Although Endino may have been hampered by Reciprocal’s limited mic closet, he knew that mic placement was critical. “With a band that loud and noisy, all in the same room and a guitar sound with such a high white-noise component, you have to really dig to find the music. Don’t even get me started on the hi-hat blowing everything out. You can’t just put some mics up and settle for the first thing you get. I would listen, go tweak the amp EQ knobs a little, move the mics an inch, listen again, tweak a little more. Sometimes the key was just turning the amp volume down a notch. You’re searching for some tone in a wall of white noise. I got very good at that because all the early grunge bands were using extreme distortion, more than I had ever heard before. It’s the opposite of metal: You have to add midrange. You also can’t distant-mike a guitar tone like that or it just turns into gray mush.”

During tracking, Mudhoney would run through the songs, recording live except for keeper vocals. Inside the control room, Endino recorded to ½-inch 8-track: an Otari MX5050 Mark 3, “a wonderful little machine,” running from the studio’s 20-channel Ramsa board. “I made a lot of the early Sub Pop records on that machine, including Nirvana’s Bleach,” Endino recalls. “It ran at 15 ips, and at first we used dbx with it until I discovered that everything sounded way better without the dbx—tape hiss be damned! That was it for me; I never used noise reduction again, even on 24-track. I rarely did track bouncing or comping back in those days because I learned on an 8-track, and where you going to bounce to? That would have upped the noise a lot, never mind degrading the sound quality. If I had multiple vocal takes, I would unmute back and forth between the tracks while I was mixing, comping it in real time.”

With the tracks laid down, Endino began the mix (to ¼-inch at 15 ips on a Revox PR99). Drums (sans snare) were already submixed to two channels, so he panned them left and right. If he wanted more cymbals, he would add some 10k; more kick, add some 80 Hz; more toms, add 1.5k. “I had to learn to get the balance right when I recorded it,” Endino says. “Since the whole kit was getting the same EQ, it was pretty phase-coherent. Snare would be on track 3 so that it had its own reverb send. Bass, I’d compress with whatever we had, probably a Symetrix 522 or 501. Guitars, pan ’em 8:00 and 4:00; lead vocals down the center through another Symetrix compressor. Drums and guitars I didn’t compress: The Otari did enough, not to mention all those fuzz boxes. I never mixed with stereo bus compression, and still usually don’t. It makes you work harder at getting your mix right. Vocals were distorted ‘live’ during the mix by being re-amped through my Twin and brought back to channel 9 of the console so I could blend the clean and distorted vocals for maximum intelligibility. I think there’s a little slap echo, too.”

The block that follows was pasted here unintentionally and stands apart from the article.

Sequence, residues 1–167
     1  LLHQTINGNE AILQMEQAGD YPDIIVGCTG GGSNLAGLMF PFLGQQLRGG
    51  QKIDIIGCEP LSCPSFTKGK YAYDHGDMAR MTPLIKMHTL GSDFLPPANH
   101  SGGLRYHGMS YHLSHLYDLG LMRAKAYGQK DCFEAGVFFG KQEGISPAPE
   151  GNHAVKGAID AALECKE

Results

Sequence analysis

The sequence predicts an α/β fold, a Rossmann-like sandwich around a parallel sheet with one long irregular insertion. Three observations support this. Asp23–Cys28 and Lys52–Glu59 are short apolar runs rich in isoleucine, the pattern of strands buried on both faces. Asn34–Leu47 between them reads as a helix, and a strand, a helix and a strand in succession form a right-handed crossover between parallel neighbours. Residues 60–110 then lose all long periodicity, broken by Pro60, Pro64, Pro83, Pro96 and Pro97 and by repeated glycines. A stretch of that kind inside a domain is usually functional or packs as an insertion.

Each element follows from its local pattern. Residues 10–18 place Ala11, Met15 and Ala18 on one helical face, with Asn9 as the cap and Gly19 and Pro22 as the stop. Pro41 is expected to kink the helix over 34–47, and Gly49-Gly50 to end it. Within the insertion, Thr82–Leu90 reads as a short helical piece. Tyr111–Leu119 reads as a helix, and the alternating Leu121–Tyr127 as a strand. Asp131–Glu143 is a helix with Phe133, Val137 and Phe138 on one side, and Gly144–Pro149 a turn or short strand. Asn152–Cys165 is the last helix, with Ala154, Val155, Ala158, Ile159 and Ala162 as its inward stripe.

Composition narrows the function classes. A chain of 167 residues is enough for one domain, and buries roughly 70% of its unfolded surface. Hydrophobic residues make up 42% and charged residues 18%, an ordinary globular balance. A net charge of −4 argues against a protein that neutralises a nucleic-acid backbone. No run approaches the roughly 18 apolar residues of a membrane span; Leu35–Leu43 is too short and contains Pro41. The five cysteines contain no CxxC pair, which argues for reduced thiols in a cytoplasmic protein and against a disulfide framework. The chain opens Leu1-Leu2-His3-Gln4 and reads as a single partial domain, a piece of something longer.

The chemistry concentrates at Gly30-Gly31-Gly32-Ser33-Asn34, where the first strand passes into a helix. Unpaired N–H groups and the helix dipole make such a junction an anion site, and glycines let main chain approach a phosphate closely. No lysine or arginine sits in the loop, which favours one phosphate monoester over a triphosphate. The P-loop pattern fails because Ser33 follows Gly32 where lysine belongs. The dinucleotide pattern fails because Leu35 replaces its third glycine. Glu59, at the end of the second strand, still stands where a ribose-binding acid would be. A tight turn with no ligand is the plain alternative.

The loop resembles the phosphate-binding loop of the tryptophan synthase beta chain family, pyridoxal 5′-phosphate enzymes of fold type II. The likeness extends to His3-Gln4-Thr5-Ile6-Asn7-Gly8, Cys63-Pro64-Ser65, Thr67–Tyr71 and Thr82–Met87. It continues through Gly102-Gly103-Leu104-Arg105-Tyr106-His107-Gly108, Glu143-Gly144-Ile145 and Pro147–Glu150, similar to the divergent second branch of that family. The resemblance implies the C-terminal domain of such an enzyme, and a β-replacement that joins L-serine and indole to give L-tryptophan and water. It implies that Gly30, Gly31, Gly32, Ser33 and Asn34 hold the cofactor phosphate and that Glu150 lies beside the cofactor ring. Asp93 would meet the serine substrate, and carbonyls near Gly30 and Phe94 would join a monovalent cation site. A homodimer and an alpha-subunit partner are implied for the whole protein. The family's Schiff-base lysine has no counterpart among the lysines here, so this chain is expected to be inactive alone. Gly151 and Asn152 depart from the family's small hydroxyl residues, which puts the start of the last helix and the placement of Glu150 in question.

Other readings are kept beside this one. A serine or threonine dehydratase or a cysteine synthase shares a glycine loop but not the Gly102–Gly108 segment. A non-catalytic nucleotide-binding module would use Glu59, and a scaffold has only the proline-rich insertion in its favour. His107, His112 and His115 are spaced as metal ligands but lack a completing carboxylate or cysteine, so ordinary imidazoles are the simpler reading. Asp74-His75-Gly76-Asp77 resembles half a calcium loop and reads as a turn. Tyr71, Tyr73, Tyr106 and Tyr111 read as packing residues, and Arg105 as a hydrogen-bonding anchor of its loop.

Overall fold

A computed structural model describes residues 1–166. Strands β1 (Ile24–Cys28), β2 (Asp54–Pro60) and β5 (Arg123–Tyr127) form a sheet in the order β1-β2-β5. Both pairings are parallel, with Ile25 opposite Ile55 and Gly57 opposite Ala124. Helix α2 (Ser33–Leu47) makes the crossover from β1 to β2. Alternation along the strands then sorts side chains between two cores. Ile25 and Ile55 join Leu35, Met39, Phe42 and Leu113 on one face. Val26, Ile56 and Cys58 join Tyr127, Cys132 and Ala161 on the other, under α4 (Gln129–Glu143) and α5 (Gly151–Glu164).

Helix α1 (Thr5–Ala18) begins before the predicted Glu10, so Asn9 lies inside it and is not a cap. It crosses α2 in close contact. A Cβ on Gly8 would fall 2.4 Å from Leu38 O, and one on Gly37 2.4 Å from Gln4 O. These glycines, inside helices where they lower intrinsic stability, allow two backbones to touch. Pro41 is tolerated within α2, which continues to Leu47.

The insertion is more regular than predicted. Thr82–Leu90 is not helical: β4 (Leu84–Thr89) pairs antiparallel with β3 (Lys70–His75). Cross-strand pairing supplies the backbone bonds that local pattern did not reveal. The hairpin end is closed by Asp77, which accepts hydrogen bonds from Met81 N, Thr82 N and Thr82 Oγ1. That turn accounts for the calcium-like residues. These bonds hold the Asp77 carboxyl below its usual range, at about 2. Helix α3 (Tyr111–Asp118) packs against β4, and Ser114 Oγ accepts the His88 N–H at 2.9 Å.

All in all, the sessions for the demo came down quickly: an initial 6-hour tracking session, second 5-hour session for vocals and mixing, and a 3-hour session for mixing or remixing. A total of 14 hours for five songs, costing the label a whopping $325.

Prior to the release of “Touch Me I’m Sick,” Sub Pop sent a five-song Mudhoney tape to New York–based Sonic Youth, who proposed a split-single where they would cover “Touch Me I’m Sick” and Mudhoney would do Sonics’ “Halloween.” This limited-edition 7-inch vinyl hit the streets in December 1988, four months after “Touch Me I’m Sick” was officially released.

Mudhoney’s single came out as a 7-inch vinyl; in distribution were 800 clear coffee-brown vinyl copies, 200 black vinyl copies and a few assorted vinyl color copies. The record, which came in a white paper bag without a picture sleeve, had an inscription on the A-side: “What does the word ‘crack’ mean to you?” The B-side sticker featured the toilet picture that would become the cover art of the sleeved second edition of the single. The track would never quite propel the band into mainstream acceptance, but it did have an incredible influence on other local musicians, including Nirvana’s Kurt Cobain, as well as putting Seattle squarely on the map as the capital of grunge music.

As for the studio, Reciprocal closed in 1991, but still remained a music-recording space, most recently as the temporary home of Hall of Justice run by Death Cab for Cutie’s Chris Walla.

For Endino, this track was at the early stages of his career, and he didn’t consider himself a “producer” yet. “I was still focused on playing guitar for Skin Yard. The UK press went nuts for the Mudhoney single, though. No one had heard anything like it before. It took me awhile to realize the impact it had. I guess people were kind of whacked over the head by the sound of it. It’s a nasty little record. [Laughs]” Since then, he’s been in demand as a go-to rock producer for Nirvana, Soundgarden, TAD, Screaming Trees, Afghan Whigs and many more. He’s still in Seattle, as an independent engineer/producer, most recently working on the new Screaming Trees record on Sunyata Music. He can be reached at